Your credit score (defined here by Kansas City bankruptcy attorney Rachel Foley)  can effect the health care treatment you receive.

Business Week reports that some hospitals buy software that helps them determine which clients can pay through analyzing their credit score and other financial information.

One horror story in the article concerns a woman with $6,500 annual income, which would qualify her for free care under the hospital’s own standards, except they found she had $600 left on her $1,800 VISA card.

Bad enough for hospitals to know all our private health information, now they are checking our finances as well.

Another story concerns a patient who was asked to pay some of her bill with her 401(k) money.

She only had $3,000 in the entire 401(k) account.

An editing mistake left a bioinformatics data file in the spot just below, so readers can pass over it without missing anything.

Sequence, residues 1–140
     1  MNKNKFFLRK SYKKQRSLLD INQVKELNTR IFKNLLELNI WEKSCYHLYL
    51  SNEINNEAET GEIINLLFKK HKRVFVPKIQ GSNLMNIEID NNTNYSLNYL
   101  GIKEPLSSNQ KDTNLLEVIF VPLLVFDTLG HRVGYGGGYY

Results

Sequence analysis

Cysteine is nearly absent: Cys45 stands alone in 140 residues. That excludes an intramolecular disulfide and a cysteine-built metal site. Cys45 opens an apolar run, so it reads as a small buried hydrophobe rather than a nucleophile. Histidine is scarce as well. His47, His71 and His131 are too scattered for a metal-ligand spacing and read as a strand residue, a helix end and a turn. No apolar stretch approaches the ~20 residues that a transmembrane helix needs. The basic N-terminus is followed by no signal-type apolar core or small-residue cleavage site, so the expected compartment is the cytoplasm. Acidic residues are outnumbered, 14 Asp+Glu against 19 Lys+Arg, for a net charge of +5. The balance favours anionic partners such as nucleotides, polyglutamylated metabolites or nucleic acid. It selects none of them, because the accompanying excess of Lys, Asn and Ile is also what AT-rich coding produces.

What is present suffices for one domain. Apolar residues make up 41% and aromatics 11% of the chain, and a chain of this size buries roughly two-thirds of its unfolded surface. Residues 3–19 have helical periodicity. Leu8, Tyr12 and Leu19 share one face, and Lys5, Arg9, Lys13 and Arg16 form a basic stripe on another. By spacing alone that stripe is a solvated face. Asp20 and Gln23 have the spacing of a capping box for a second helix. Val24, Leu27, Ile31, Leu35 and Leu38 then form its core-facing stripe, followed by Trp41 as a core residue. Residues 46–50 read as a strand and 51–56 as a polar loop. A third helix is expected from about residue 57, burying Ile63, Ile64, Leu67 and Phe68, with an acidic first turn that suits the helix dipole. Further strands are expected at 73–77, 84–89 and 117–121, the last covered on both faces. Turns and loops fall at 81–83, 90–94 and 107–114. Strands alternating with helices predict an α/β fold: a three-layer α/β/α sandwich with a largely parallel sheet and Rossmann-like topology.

If you want credit, they can check your credit score.

The software these hospitals are getting discloses more than your credit score, if they can dig up that you have a 401(k) account.

One of the spokespersons said his hospital’s policy was not to disclose they had looked at this information.

Great!  So if it is inaccurate information, you cannot find out!

This is one more big reason to stay on top of your credit score, make sure the information on it is correct.

Michigan Bankruptcy Attorney Kurt OKeefe‘s website has information on how to do that.

California Bankruptcy Attorney Douglas Jacobs has more on the same topic.

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Jay S. Fleischman is a bankruptcy lawyer with offices in Los Angeles and New York. He can often be found on Google+ and Twitter, where he shares information about consumer protection issues and personal finance.
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